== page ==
The US announces a new particle collider for 2030; Deploying drones in fruit orchards; Teaching database design in a world of uncertainty; IEEE Spectrum's weekly selection of awesome robot videos; and a Steem essay describing a Prevent, Solve, Manage framework for dealing with problems
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- The US is building its first new particle collider in decades on Long Island. Stephen Hawking called the technology a 'time machine.' - According to an announcement from the US Department of Energy on Thursday, Jan 9, 2020, the US will begin construction on a new particle collider at the Brookhaven National Laboratory. At the moment, the site in Long Island, NY, is the location of the only operational particle collider in the US, the Relativistic Heavy Ion Collider, and that collider will be shutting down in 2024 to make room for the new one, which could be operational by 2030. To save on costs, the new collider will retain one of the rings from the existing collider, but it is still expected to cost somewhere between $1.6 billion and $2.6 billion. It is hoped that the new Electron-Ion Collider (EIC) will give insights into the ways that quarks and gluons are arranged, and the reasons why they are so tightly bound together. It is also hoped that it will provide new understandings to explain why the spinning of quarks inside a proton only accounts for about 1/4 of the proton's spin. In a practical sense, the article asserts that possible advances from the collider include knowledge about "how to zap cancer cells, improve batteries and electronics, or power future technologies that haven't even been imagined yet." Because particles turn into the same sort of "hot soup" that existed at the time of the Big Bang when they collide, Stephen Hawking once described particle colliders as a sort of time machine.
- Drones Make Fruit Farmers More Efficient - According to Olga Walsh, thousands of dollars are saved every year through the deployment of crop sensors, and the technology also helps to improve the efficiency of agricultural inputs like water and fertilizer. Additionally, drones can assist in minimizing the environmental impact of agricultural production. Walsh's work, focusing specifically on fruit orchards, found the following additional areas of impact: (i) Creating inventory records of tree sizes; (ii) Tracking the quality and health of trees; (iii) Water, pest, nutrition, and disease management; (iv) yield estimates; and (v) Photography and video recording for marketing purposes. In addition to accomplishing all this work, the unmanned aerial vehicles also perform the work faster than humans, and they can function in areas of the light spectrum where human eyes cannot see. In addition to researching the technology, Walsh's team also provides outreach and education to agricultural workers in Idaho.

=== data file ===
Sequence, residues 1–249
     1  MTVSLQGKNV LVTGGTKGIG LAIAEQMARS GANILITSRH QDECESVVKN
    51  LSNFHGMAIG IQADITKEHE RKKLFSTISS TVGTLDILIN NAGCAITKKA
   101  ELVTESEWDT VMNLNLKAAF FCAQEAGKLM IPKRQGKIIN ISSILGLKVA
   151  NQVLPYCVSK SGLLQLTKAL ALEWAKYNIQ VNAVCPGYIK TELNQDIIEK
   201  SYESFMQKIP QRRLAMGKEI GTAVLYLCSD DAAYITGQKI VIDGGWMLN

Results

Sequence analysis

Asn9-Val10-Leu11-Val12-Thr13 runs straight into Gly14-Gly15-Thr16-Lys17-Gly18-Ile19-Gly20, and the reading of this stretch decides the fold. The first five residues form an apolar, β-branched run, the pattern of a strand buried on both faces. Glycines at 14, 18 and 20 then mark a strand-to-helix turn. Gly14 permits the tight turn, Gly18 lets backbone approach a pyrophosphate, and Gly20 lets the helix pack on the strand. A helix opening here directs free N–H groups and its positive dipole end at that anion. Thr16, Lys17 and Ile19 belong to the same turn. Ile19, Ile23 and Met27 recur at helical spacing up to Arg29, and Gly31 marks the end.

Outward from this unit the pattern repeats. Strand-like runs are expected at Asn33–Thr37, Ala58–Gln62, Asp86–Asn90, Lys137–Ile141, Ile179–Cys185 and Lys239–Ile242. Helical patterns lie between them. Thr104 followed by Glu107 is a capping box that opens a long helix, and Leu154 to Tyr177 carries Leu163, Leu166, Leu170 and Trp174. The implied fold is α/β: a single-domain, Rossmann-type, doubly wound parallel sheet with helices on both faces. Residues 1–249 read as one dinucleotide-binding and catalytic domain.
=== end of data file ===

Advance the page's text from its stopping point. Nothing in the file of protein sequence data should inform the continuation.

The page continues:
- How I teach database design - Daniel Lemire says that database design textbooks still teach from a model that was created when it was possible to believe that data structures would be fixed and predictable and unaffected by corporate reorganizations, mergers, and acquisitions. He goes on to argue that if this idealized world of development ever existed, it is gone now, and the "waterfall model is naive to the point of being actively harmful". So, he says he teaches his students to insulate the user from the database structure as much as possible and to think critically about database design textbooks. This does not mean to be haphazard in design, but instead he says he teaches students to agonize over every decision so that they do not wind up boxing themselves in. Additionally, he says that he exposes students to as much real-world data as possible.
- Video Friday: Samsung Unveils Ball-Shaped Personal Robot - This week's weekly selection of awesome robot videos from IEEE Spectrum includes: a promo video from a mischievous ball robot; A CES demo of Agility Robotics biped Digit robot; Actuated bionic flaps from Foldaway Haptics on a Mercedes-Benz concept car, also from CES; A "Full body powered exoskeleton" from Sarcos; Reachy, an open source interactive robot from Pollen Robotics; and more...
Here is Reachy:
- STEEM Prevent, Solve or Manage - In this post, @spectrumecons offers an economic framework for dealing with problems. According to the framework, a problem can be dealt with by one of three tools: (i) Prevent; (ii) Solve; and/or (iii) Manage. The author goes on to describe each of those possibilities and - through the use of Venn diagrams - rank the outcomes of applying one or more of those strategies in terms of control and risk for the person who faces the problem. Next, the article moves on to considering the same framework in the context of predictability and costs. In conclusion, the author suggests that this model offers a useful "rule of thumb" for dealing with problems, but adds that all problems are unique, and need to be researched individually. The post goes on to anticipate that future articles by @spectrumecons will apply this model to problems in areas ranging from health, crime, and housing to immigration, money, and leadership. Finally, the author announces their free Udemy course, ‘Guide to the Steem Ecosystem’, which includes 56 videos with a total viewing time of 13.5 hours. (A 10% beneficiary setting has been assigned to this post for @spectrumecons.)
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